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Electric Buses for the NFTA

Zachary Persichini — Aug 1, 2018

This brief discusses many reasons that the NFTA should invest in using electric buses. After explaining the differences in bus technologies, it details numerous environmental, public health, and economic benefits of electric buses. The brief closes with case studies to show how other cities and counties across the world are beginning to use electric buses.

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Methane Leaks from Natural Gas Pipelines: Solutions for New York

Jordan Hawkins — Aug 1, 2018

This brief explores the problems with methane leaks from natural gas pipelines, the obstacles that prevent change, and solutions that have been proposed by New York State and others. While most methane leaks do not pose an immediate threat to safety, they can have serious and sometimes deadly consequences, and methane is a major contributor to climate change. New York has proposed a Methane Reduction Plan. The plan is a good start to combat the issue, but research reveals additional tools to …

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Good Food Buffalo Policy Brief

Jessica Gilbert — Jun 26, 2018

This policy brief provides a snapshot of the current status of school food at Buffalo Public Schools and several ongoing school food improvement initiatives.

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Health Equity: The Path to Inclusive Prosperity in Buffalo

Tracey Ross — May 8, 2017

With billions in public and private investments in the Buffalo Niagara Medical Campus and Governor Cuomo’s historic “Buffalo Billion” investment in economic development, the city of Buffalo is poised for resurgence. Yet persistent racial inequities in health, wealth, and economic opportunity inhibit the city’s growth. Without a change in course, these inequities will take a heavy toll on the city as immigrants and communities of color grow as a share of its population …

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Lead Poisoning: Triggers and Thresholds

Adam Hains — Feb 10, 2017

Hains reviews the basic framework of federal and state laws aimed at preventing lead poisoning.  Given the growing body of research that even small amounts of lead cause can decrease cognitive performance and increase behavioral problems, Hains suggests that New York State lower its threshold of concern and supply additional funding, so that more children receive case management services and more units get their lead problems abated.

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A Community Benefit Agreement for the Buffalo Niagara Medical Campus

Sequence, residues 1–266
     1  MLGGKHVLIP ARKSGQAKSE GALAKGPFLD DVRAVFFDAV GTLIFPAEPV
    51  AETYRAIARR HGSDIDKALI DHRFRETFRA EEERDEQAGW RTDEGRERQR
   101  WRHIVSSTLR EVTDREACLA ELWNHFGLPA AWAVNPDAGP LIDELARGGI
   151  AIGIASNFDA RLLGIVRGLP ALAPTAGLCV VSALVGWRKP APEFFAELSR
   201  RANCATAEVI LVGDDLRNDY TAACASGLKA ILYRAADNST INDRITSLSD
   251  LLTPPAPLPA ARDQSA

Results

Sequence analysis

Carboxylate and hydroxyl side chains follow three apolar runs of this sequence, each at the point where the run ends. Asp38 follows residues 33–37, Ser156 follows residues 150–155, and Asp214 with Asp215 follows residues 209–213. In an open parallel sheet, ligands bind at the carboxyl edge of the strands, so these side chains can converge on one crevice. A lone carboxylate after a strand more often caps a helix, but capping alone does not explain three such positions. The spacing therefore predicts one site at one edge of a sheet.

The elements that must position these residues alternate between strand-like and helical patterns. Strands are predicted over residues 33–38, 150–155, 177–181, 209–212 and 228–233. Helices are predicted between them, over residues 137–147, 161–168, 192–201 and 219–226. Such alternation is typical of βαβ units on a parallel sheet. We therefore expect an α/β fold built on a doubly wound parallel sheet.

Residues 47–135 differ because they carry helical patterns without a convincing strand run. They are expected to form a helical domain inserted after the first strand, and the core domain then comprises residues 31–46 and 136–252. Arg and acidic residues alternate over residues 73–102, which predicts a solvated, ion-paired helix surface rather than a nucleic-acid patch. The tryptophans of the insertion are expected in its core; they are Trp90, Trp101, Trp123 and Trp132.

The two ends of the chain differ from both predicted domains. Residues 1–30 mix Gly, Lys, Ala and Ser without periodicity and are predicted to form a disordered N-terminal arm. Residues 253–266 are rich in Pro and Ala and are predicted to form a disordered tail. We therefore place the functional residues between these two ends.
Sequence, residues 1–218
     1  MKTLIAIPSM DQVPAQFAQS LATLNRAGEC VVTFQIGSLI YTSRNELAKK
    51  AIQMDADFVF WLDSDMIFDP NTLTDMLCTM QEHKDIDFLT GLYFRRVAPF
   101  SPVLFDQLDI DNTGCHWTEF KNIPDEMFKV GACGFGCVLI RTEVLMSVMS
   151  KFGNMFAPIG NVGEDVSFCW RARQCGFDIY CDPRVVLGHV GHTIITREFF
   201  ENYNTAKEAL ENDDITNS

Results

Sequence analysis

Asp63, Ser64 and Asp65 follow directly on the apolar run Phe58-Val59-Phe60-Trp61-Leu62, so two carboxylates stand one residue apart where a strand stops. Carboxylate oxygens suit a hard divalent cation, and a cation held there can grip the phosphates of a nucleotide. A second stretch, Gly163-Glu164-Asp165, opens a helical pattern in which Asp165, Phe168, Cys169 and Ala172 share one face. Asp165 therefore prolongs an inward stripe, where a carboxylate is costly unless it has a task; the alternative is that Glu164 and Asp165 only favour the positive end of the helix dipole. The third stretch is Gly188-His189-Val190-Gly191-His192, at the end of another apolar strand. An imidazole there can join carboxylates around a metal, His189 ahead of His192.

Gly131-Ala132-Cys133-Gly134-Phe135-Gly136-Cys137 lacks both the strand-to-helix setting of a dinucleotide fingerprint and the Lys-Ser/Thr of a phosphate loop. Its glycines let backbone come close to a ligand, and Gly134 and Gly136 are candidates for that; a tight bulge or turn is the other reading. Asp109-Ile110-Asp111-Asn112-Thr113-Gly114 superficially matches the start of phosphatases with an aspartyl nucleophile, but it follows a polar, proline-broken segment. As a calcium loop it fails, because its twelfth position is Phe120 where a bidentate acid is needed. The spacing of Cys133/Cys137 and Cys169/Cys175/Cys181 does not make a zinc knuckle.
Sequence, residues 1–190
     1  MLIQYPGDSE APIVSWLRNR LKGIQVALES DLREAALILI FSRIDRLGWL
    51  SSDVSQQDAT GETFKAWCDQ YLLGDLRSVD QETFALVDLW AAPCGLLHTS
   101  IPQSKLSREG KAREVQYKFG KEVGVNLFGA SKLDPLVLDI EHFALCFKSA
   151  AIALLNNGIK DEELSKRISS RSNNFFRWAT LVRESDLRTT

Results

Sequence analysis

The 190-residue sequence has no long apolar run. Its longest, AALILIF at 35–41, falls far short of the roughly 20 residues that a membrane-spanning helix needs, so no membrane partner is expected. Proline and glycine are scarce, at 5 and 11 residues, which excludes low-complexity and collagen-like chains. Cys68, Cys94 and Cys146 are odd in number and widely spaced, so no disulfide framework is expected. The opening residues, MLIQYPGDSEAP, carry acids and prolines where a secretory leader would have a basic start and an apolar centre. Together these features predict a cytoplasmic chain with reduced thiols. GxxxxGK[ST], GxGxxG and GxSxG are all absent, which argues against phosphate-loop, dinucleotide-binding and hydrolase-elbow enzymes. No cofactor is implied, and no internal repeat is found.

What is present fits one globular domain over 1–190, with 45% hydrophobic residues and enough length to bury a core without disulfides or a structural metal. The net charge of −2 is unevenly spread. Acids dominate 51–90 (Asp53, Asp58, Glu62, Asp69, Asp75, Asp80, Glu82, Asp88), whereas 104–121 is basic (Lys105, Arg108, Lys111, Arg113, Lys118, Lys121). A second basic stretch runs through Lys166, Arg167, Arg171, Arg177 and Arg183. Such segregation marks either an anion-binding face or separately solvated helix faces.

Anthony Hilbert Mar 9, 2016

The BNMC is the region’s largest economic development project.  Clustering health institutions together on one campus creates many collaborations and efficiencies and increases the potential for spin-off job creation.  Inevitably, however, any large scale development also includes some negative side effects for the community, particularly those who live nearest to it.  Traffic and air pollution increase.  Parking becomes a problem on nearby residential streets.  …

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Coordinated School Health in the Buffalo Public Schools: Statement of Need and Recommendations

Sam Magavern, Jessica Bauer-Walker, Renee Cadzow — Feb 27, 2015

This policy brief on coordinate school health for the Buffalo Public Schools was prepared by Renee Cadzow, PhD, D’Youville College, Department of Health Services Administration and Co-Director of the Center for Research of Physical Activity , Sport and Health (CRPASH); Jessica Bauer-Walker, Executive Director, Community Health Worker Network of Buffalo; and Sam Magavern, Co-Director, Partnership for the Public Good. (February 2015) Acknowledgements: Liese Ness, Community Coalition …

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Why New York State Still Needs Single Payer Health Care

Sam Magavern, Jacqueline MacKeller — Dec 3, 2014

Conventional wisdom in the United States holds that our health care system, while costly, achieves some of the best outcomes in the world.  A report by the Institute of Medicine (IOM), however, conclusively refutes these assumptions.  In a survey of current and historical health data for 17 other high-income democracies, the IOM found that the United States ranked dead last in life expectancy among males and second-to-last among females, despite spending substantially more per person …

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Community Health Workers: A Holistic Solution for Individual and Community Health

Sam Magavern, Jacqueline MacKeller, Jessica Bauer-Walker — Nov 26, 2012

Community Health Workers (CHWs) go by many names, including outreach workers, patient navigators, peer health educators, and lay health advocates.  CHWs help people overcome obstacles by accompanying them through treatment, monitoring needs for food and housing, leading education campaigns and empowering community members to take charge of their own health.  As members of the communities they serve, CHWs establish relationships of trust with those they serve, bridging the gap between …

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Best Practices in Mental Health at Corrections Facilities

Sahil Jain — Nov 1, 2011

Police, court personnel, and correctional staff interact with, stabilize, and treat more persons with mental illness than any other system in America—making criminal justice agencies the largest mental health provider in the United States.  Yet a wide gap exists between the training of corrections staff and the enormous responsibility they have for day-to-day management of mental health issues.  To narrow this gap in jail and prison settings, the best practices include training …

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